To a filmmaker, a critic is, to quote the journalist Murray Kempton, “the one who takes to the battlefield after the war is over and shoots the wounded”. It is a love-hate relationship. On the one hand, critics are often the lifeblood of this industry. Without them, it would essentially be like buying a phone without knowing it will spontaneously explode. On the other hand, critics often are not afraid of punching down.
Filmmaker Mike Freidman, who was present at the Dubai International Film Festival, gave his perspective on this debate.
“One should be more circumspect enough when judging a film. Because ultimately, you never know why a film is bad. You don’t have that added layer of context. It doesn’t necessarily mean the acting was bad or the directing was bad, things just went bad,” he said.
The profession of the critic is unfortunately, a dying field. The number of critics is shrinking every year. With the death of renowned critic Roger Ebert, the so called ‘golden age’ of film critics has succumbed to a slow, agonising death.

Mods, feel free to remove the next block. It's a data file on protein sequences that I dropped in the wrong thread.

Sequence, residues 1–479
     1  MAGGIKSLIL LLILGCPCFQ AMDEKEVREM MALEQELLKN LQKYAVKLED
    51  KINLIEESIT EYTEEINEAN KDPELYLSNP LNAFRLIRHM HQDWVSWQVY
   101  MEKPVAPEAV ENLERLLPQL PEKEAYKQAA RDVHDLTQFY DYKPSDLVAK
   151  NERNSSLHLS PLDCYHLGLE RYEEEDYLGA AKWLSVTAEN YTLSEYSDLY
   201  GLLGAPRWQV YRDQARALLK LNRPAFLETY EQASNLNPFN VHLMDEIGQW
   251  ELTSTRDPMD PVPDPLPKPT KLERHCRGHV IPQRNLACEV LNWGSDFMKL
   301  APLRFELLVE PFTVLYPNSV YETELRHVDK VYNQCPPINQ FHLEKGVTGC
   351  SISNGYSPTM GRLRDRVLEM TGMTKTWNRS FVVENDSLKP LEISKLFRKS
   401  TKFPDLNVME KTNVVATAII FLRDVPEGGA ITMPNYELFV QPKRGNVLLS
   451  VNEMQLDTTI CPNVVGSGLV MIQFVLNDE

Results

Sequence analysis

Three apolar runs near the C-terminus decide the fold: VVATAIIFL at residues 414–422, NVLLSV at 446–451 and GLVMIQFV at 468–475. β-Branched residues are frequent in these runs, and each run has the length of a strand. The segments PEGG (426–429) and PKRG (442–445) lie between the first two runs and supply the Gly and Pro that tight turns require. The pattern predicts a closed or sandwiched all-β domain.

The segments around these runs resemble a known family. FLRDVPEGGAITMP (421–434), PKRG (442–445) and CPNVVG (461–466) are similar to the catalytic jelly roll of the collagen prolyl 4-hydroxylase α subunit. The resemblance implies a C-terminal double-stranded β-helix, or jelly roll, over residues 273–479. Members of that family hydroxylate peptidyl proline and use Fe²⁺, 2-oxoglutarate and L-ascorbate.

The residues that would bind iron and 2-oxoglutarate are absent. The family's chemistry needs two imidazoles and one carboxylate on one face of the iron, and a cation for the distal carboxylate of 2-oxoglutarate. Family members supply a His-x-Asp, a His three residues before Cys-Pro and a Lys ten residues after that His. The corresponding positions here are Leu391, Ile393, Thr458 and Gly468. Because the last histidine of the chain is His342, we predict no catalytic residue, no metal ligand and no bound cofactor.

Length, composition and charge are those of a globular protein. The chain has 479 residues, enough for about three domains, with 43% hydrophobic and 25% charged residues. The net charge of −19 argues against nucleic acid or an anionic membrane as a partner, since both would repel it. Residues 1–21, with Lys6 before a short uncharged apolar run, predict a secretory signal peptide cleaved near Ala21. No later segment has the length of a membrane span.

Festival goers at Diff we spoke to said reviews have no actual effect on their decision to watch a film, or even their enjoyment of it.
Student Ananya Kotian said: “I just want to know what to expect out of a film before I watched it.”
Jasim Kunhamed, another student, said: “I never ever watch film reviews because their opinion is based on what they like in a film. And, what I like in a film depends on me. So, I just go ahead and watch the film with no one from the outside,”
— The Young Journalist Award (YJA) at Diff is a training programme for high school and university students who are aspiring writers and reporters. Seven students are competing at the festival this year. One winner will secure a monthlong internship with Gulf News.